family walking in park

Step 1: Investigate the Wellbeing Trail context

As is relatively common for a community project, I started working on the Wellbeing Trail idea well before it became a defined project. My client at Samford Commons explained the basic concept back in April this year, and at that stage was looking to get buy-in from potential sponsors or partners. As these partners ranged from government departments to individuals, we decided the best way to get buy-in was to turn the concept into something real – something they could visualise and imagine being part of.

Early investigation and prototyping

Mock-up brochure
Mock-up trail brochure

Based on an initial understanding of how the trail might work, together with research into previous solutions (such as the Arts Trail), a knowledge of the aims of Samford Commons, and investigation of likely sponsors, I designed a realistic mock-up of a brochure to advertise the Wellbeing Trail.

This brochure included a map showing a number of stops on the trail, with a suggested route between these. It included real text that I wrote to illustrate the intended flavour of the copywriting and the style of activities offered on the trail. For example “Samford Tennis Club: See how many balls you can return in one minute” or “Millen Farm: Learn about growing, selecting and preparing healthy food, and try the Terrific Taste Challenge!”

At this stage it did not matter whether the stops and activities shown in the mock-up would actually be on the trail when it was finalised – the main aim was to make it seem like a real, viable trail that people would want to participate in. It was important for the brochure to look professional, so that it appeared as a serious, carefully planned proposition rather than an amateur community event.

brochure inside spread
Wellbeing Trail brochure mock-up: map and trail guide

Getting the go-ahead

The brochure was shown to potential sponsors and partners as part of ongoing consultations and relationship building by Samford Commons. The project soon became a reality, and the sponsors commented on the professionalism of the approach.

Samford Commons is now developing the trail in partnership with Moreton Bay Region Industry & Tourism (MBRIT), Moreton Bay Regional Council and other local sponsors including Samford Valley Rotary (who are providing a trackless train to help people get around the trail) and signage companies who are providing discounted signage for the event.

The Wellbeing Trail is planned for 20 October 2018, with the intention of extending the concept in future. The Trail will coincide with the ‘Samford 100’ celebrations, which recognise 100 years of Samford Village history, and culminate in a ‘Big Picnic’ at the park in the village centre. Both the trail and the picnic are being publicised throughout the region, and on the Our Samford website, and advertised in the local Village Pump newspaper.

Investigating the context and constraints

Once the project kicked off in earnest, I researched the context further, to determine who the stakeholders were, what stated outcomes were intended, what my role and scope was within the project, and which constraints would impact on how the project developed.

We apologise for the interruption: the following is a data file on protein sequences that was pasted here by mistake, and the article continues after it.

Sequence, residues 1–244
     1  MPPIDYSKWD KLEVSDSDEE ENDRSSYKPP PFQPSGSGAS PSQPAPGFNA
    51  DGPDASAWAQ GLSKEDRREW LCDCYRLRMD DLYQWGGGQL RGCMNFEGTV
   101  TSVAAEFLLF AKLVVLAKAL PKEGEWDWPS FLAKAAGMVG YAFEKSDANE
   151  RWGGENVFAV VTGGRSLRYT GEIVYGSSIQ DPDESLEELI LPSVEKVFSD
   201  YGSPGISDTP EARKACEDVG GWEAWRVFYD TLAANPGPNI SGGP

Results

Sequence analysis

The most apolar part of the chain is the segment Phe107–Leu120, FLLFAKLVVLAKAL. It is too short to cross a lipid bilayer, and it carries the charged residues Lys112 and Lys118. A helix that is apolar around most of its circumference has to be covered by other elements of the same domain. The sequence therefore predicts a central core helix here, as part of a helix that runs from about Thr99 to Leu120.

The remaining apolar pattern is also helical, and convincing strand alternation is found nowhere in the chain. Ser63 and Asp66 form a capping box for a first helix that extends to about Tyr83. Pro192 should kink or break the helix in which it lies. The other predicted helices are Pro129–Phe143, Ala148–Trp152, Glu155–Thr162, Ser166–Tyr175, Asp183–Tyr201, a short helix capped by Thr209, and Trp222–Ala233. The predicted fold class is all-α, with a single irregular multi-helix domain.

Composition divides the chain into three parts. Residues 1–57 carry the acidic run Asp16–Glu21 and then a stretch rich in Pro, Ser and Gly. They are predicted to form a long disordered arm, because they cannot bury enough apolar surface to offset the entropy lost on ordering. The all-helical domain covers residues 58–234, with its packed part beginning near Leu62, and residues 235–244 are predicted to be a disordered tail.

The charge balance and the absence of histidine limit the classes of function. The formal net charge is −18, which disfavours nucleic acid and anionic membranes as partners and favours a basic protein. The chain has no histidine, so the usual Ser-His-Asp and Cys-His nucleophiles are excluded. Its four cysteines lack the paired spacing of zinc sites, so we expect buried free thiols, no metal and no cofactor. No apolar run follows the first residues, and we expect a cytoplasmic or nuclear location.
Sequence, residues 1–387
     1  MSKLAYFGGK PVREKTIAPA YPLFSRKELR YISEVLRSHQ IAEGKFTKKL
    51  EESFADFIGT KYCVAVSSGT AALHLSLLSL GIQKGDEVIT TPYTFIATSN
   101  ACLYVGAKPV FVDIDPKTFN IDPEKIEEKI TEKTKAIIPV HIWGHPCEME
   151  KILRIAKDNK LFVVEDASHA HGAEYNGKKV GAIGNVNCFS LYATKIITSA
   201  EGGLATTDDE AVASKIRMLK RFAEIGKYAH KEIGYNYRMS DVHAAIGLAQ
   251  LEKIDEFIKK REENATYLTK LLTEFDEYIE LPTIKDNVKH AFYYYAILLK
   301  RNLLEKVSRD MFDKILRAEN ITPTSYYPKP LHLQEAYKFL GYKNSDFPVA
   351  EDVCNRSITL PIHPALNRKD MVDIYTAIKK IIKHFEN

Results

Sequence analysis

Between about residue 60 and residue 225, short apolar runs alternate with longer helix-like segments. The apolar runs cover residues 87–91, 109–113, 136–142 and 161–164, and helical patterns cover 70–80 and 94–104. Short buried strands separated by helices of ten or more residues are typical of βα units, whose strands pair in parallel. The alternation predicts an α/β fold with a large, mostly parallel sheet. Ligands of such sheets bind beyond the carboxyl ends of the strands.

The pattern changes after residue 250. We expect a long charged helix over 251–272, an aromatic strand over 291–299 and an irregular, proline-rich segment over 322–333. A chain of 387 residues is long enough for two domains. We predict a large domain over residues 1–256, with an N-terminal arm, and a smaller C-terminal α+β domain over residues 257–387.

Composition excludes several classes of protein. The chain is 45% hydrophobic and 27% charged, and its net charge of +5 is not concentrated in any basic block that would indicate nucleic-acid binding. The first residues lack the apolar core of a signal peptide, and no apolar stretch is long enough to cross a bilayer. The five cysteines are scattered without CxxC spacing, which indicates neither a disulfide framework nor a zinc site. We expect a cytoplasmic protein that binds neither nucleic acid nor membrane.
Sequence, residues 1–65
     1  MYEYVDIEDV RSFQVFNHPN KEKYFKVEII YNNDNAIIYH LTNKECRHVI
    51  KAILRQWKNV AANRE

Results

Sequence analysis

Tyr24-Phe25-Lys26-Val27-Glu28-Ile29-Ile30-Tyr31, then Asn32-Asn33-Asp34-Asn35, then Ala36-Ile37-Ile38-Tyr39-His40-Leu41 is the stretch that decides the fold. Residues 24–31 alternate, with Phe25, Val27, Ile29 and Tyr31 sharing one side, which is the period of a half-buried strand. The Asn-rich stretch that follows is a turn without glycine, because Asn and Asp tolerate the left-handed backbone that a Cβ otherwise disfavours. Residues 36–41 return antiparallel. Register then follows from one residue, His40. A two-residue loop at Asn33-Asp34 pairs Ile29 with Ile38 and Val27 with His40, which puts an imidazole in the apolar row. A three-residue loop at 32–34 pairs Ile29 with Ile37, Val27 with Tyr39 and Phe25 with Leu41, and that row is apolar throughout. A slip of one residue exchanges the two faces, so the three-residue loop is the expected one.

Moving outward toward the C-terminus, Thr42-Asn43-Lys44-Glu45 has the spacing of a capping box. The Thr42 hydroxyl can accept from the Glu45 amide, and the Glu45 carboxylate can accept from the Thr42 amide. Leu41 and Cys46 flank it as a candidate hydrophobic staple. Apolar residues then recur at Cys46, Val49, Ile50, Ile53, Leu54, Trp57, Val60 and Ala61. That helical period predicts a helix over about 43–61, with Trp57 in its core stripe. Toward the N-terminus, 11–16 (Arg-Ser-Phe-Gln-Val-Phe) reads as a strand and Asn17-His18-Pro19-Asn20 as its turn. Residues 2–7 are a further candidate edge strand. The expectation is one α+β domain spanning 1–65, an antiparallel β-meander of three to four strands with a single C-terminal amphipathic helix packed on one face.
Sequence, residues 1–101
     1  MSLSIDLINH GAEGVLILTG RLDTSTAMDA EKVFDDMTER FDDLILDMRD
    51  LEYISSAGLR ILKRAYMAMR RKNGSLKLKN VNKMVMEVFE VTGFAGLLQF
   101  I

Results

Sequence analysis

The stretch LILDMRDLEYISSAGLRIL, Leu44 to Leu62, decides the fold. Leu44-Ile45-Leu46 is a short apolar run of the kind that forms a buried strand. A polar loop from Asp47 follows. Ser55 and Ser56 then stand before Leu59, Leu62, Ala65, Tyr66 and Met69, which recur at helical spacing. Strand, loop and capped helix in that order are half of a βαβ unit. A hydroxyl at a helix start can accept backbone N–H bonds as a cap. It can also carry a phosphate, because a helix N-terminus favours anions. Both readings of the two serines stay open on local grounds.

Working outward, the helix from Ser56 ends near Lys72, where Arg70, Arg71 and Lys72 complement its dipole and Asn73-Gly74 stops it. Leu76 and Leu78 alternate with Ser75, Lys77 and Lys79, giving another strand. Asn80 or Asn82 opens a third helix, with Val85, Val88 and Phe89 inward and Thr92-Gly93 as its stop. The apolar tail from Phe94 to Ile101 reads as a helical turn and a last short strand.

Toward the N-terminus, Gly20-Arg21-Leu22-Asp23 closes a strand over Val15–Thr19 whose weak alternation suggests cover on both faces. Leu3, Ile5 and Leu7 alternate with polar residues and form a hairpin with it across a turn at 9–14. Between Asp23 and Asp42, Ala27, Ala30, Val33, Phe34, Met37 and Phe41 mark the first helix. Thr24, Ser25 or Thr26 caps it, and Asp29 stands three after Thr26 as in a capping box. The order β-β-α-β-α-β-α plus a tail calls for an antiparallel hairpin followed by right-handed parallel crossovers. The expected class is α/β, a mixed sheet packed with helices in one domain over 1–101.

One of my first questions was “what is wellbeing?”. Words can mean different things to different people. My Samford Commons client said the following definition of wellness was very close to his understanding of wellbeing:

“Wellness refers to diverse and interconnected dimensions of physical, mental, and social well-being that extend beyond the traditional definition of health. It includes choices and activities aimed at achieving physical vitality, mental alacrity, social satisfaction, a sense of accomplishment, and personal fulfillment.”

In other words, wellbeing is about the whole person. It is about satisfaction and feeling good, not just being fit and healthy. I decided to ask stakeholders the same question during the next stage, to check if they had a similar understanding.

Identifying the stakeholders

People are at the centre of this project. Not just the people who might benefit from improving their own wellbeing, but those who help them do that, and a range of other people in the community. The main groups of stakeholders (some of which overlap) are:

  • wellbeing-related organisations (businesses and non-profits) participating as stops on the trail
  • local people or visitors who come along and experience the trail
  • sponsors/partners providing funds, products or services to support the wellbeing trail project
  • local businesses who benefit from visitors coming for the trail and picnic
  • Samford Commons members (and people in related entities) who can help promote the trail

Limited resources to play with

With community projects, time and budget are always a constraint, but sometimes there are creative ways to get around those. In this case I knew that human resources were limited, with just one main contact at Samford Commons trying to organise everything while juggling a full time job. And myself, as a designer and communicator juggling full-time university study! Other resources on hand were the sponsors (to help publicise the event) and the organisations participating in the trail (who need to plan their own activities and provide information about those).

Next > Step 2: Immerse in the stakeholders’ environment


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